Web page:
You might say fresh fish is in Phil Karlin’s blood. The tugboat captain-turned-entrepreneur is gearing up to expand his smoked fish enterprise and credits his work with his father for a part of it.
Having grown up in a commercial fishing family, Karlin learned the ropes alongside his dad on the waters off the North Fork and eventually became a tugboat captain himself. About five years ago, he was tapped to run a wind farm program project on Nantucket and was all set to leave when the BP oil spill occurred. Karlin packed his bags and headed down to Galveston, Texas, where he worked on a first responder vessel, an assignment that lasted the better part of a year. “No one was very happy in the Karlin house that year,” he says.
After he returned home, finding a harbor job proved difficult, so he went back to fishing and began accompanying his dad to farmers markets in New York City. Karlin began smoking fish to supplement his income and picked up some wholesale customers, including the Westside Market NYC, a grocery store with five locations in Manhattan. Once he acquired a steady business, North Fork Smoked Fish Co. was born; this past March marked its fifth year in business.
The distinct taste of Karlin’s smoked fish is the result of a blend of local hickory and oak wood chips. Rather than using a traditional smoker, he opts for a smaller, stainless steel meat smoker he says keeps the moisture in. “Older smokers use a lot of wood, but with these smokers,” he says, “you get a product that’s less caustic and it keeps water-based salt content to a minimum.”
This summer, fish lovers can expect an array of locally caught swordfish, blue fish filets and scallops from Greenport, Shinnecock Bay and other points off the East End. (The only fish that isn’t from Long Island waters is a Norwegian salmon, imported from an Atlantic deep-water farm.) A line of pâtés includes blue fish, haddock and Caribbean-smoked marlin made with swordfish, tropical spices and lime.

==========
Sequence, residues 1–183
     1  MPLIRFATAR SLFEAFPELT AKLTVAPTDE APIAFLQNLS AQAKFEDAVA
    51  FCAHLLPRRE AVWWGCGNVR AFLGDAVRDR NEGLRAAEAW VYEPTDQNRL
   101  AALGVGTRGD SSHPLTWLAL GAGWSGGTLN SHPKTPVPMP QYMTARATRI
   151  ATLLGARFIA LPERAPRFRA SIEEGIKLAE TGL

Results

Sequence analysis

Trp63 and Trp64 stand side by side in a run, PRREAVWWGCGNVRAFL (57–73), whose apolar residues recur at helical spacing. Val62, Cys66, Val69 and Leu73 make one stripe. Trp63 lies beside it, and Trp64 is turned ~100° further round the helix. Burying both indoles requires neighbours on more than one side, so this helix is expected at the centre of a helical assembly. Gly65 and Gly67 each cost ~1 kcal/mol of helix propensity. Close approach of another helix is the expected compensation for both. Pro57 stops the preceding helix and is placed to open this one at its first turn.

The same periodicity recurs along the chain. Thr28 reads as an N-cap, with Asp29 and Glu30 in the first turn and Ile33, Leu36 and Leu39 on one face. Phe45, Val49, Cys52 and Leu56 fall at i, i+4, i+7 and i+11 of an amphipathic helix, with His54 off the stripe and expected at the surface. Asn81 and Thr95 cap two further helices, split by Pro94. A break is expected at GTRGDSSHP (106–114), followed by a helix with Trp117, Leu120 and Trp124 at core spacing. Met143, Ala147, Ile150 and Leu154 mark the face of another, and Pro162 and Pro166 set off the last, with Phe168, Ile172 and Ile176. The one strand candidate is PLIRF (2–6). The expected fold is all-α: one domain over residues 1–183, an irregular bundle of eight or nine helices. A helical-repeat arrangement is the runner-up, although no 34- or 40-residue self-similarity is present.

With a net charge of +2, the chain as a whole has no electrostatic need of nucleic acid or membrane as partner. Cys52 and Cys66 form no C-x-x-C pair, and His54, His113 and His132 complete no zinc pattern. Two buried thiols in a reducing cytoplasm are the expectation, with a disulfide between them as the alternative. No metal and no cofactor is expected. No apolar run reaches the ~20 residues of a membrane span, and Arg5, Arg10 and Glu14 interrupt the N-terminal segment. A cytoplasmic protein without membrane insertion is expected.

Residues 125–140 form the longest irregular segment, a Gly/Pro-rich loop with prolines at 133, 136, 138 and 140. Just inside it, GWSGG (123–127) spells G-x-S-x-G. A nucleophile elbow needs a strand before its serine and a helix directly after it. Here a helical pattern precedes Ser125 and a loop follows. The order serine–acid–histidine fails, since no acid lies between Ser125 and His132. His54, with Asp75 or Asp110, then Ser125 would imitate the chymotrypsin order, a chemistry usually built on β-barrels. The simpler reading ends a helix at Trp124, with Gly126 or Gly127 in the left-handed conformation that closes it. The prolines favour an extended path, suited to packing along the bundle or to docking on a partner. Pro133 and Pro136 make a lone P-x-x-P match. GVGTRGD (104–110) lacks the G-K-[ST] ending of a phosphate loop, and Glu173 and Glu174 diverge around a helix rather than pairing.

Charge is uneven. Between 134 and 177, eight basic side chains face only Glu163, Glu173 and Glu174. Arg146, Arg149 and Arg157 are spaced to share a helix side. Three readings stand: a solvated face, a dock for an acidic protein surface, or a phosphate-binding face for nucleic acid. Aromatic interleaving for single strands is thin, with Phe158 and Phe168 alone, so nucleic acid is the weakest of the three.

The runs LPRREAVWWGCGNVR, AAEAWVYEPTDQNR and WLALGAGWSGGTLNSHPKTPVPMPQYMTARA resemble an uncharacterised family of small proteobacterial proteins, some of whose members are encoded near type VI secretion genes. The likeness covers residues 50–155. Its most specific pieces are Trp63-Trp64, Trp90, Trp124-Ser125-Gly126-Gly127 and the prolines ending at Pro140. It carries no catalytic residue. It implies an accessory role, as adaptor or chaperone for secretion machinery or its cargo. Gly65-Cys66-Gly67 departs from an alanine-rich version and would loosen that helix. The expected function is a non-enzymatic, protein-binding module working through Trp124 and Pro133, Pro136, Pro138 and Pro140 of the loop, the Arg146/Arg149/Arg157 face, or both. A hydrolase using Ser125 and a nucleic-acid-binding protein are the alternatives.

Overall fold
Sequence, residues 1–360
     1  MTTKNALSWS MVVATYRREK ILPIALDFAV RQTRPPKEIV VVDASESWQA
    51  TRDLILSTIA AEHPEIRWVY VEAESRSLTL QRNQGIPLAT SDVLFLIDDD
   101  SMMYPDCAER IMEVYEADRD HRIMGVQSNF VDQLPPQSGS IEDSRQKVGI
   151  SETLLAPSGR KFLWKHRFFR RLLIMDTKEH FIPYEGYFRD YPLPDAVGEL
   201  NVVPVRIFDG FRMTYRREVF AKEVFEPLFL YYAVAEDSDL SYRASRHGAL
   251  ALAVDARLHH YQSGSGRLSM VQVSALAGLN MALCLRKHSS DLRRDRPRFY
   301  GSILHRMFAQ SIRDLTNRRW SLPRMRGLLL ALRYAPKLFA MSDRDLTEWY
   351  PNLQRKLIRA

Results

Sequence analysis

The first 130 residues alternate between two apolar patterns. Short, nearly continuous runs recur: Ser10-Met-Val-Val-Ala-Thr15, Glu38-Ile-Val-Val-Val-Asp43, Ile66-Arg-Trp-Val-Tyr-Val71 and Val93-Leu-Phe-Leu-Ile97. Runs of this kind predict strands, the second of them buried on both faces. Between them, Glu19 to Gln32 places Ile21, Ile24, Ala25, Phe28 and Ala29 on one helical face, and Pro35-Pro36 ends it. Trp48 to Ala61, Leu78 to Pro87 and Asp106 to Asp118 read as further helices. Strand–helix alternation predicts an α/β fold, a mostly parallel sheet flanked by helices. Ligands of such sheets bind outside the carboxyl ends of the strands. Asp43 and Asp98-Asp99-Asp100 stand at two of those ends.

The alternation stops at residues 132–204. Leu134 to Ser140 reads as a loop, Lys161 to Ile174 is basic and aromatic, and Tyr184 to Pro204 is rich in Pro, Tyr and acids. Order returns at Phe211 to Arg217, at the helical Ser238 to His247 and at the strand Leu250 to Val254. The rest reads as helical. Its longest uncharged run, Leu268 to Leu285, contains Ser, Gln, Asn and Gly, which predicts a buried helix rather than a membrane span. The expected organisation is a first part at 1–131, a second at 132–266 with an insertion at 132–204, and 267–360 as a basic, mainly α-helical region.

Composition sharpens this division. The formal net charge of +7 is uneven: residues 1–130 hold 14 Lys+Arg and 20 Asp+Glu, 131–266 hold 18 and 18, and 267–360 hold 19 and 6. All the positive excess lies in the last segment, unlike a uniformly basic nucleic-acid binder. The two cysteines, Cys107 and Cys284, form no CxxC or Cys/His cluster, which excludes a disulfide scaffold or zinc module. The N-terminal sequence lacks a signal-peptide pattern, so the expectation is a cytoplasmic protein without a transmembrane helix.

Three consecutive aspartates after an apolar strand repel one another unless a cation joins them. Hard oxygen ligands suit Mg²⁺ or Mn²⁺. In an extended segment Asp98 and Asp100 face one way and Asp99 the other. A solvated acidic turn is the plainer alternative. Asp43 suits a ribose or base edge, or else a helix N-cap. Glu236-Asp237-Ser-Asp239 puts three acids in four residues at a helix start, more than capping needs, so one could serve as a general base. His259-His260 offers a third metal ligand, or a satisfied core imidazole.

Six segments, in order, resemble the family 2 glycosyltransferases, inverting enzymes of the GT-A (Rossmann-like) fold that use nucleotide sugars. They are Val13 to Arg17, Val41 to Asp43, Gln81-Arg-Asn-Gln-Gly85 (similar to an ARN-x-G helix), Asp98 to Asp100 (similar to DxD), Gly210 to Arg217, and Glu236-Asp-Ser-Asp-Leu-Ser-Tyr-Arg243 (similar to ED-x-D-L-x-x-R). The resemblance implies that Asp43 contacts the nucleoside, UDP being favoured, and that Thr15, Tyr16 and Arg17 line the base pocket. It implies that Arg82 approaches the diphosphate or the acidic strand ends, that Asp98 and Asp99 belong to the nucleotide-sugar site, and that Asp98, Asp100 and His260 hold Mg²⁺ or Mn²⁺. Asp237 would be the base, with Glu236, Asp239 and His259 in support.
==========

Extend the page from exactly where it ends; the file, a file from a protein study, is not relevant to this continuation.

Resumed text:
But perhaps the season’s most popular selection is the grill-ready line of fresh frozen Snappa burgers. Available in two varieties (blue fish and salmon), these all-natural, gluten-free burgers have won rave reviews from Karlin’s customers. “People who say they never eat blue fish try them, and are hooked,” he says. “We catch the fish and prepare them within two hours.” To enhance that fresh flavor, Karlin uses sweet yellow peppers from his mother’s garden in Riverhead. “Everything we do is all natural,” he adds. Karlin sold 400 burgers in two days at last year’s Maritime Festival.
Luckily, fish lovers need not wait for an annual festival to get a taste of Karlin’s smoked fish. His product is available at a fish market in Greenport, IGA supermarkets in Greenport and Southold and Cor-J Seafood Market in Hampton Bays and Westhampton Beach. The North Fork Smoked Fish Co. is also represented at farmers markets in Westhampton on Saturdays, Montauk on Thursdays and New York City’s Union Square Green Market and West Side Market on Saturdays and Mondays.
If this isn’t enough, North Fork Smoked Fish Co. just opened its own retail outlet at 414 First Street in Greenport. “We couldn’t be more excited to finally open our own doors,” says Karlin.